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Challenge/Response Email Verification

  • Hosting
  • Security
  • Uncategorized
  • Work Life

Challenge/Response email verification (CREV) is a mechanism for reducing the amount of spam you get. It works like this:

  • Alice sends Bob an email,
  • Bob uses a CREV system, and this is the first email he's received from Alice,
  • The CREV system holds the email and sends an email to Alice asking her to reply or follow a link to verify she is a real person before the email can be released and sent to Bob,
  • Alice replies or follows the link,
  • The CREV system adds Alice to a white-list (so she won't be asked to verify herself again) and releases the email for delivery to Bob,
  • Bob receives the email.

Compare this with normal email systems: - Alice sends Bob an email,

  • Bob receives the email.

Looking at it this way, you might think "Cool! So much less spam! And Alice only has one extra step to allow her email to get trough". Well, consider my way:

  • Alice sends Bob an email,
  • Bob's mail server noticed this is the first email he's received from Alice,
  • Bob's mail server tells Alice's mail server it's currently busy, and could the email be sent again in 5 minutes (this is referred to as grey-listing),
  • Alice's mail server holds onto the email and resends 5 minutes later,
  • Bob's mail server accepts her email on the second attempt - any subsequent emails from Alice to Bob will be immediately accepted in future,
  • Bob receives the email.

This method doesn't require any extra work on Alice's behalf, and when implemented in conjunction with other anti-spam mechanisms (such as checking sending mail servers against black lists, which I didn't include in my flow because this can also be used with CREV systems) cuts down spam enormously. For example, I got 1 spam email yesterday. You might argue that CREV systems would cut that down to zero spam, but this is not the case. CREV will only allow emails to a user from a given email address. If you receive a spam that appears to come from a white-listed address, it will still get through. This is more likely than you might expect, as many spam and virus-laden emails are sent through spyware applications that email users in the infected person's address book, which means they come from someone you know. Neither grey-listing nor CREV systems will stop this type of spam.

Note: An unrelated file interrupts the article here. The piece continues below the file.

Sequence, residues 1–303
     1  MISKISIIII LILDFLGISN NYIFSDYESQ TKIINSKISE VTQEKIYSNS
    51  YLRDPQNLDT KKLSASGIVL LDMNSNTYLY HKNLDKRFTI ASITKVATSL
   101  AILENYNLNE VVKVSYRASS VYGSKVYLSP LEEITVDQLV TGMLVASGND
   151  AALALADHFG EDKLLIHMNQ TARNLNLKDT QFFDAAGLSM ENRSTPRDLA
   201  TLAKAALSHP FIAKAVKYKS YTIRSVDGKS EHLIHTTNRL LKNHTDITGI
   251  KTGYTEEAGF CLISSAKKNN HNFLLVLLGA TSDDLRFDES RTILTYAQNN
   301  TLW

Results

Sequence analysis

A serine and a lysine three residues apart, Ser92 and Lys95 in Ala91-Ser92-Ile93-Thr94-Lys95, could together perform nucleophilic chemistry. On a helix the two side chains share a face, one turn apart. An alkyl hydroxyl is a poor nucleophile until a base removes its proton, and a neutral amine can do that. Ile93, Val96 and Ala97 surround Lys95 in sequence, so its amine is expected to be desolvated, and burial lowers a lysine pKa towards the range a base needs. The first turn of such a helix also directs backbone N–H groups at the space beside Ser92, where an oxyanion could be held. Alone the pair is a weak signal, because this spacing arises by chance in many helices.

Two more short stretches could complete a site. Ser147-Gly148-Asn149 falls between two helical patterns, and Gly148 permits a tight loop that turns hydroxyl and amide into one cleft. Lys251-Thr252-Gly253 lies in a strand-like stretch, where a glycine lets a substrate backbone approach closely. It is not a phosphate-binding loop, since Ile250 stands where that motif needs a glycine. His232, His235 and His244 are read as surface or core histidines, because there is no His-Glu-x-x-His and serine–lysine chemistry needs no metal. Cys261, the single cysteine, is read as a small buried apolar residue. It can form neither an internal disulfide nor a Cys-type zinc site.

So what's wrong with CREV systems? In my opinion, it's a poor implementation due to the challenge/response requirement that the sender must take action to ensure the email gets through. Imagine a scenario: you're at the airport, your flight is about to leave. You have to email a document to a client that you haven't emailed before, and they require it by close of business that day. You hit send, you shut down your laptop and board for a 16 hours flight, only to get to the end and find the challenge response email. Your email has not been delivered, and the client will not get the document they required until the next business day.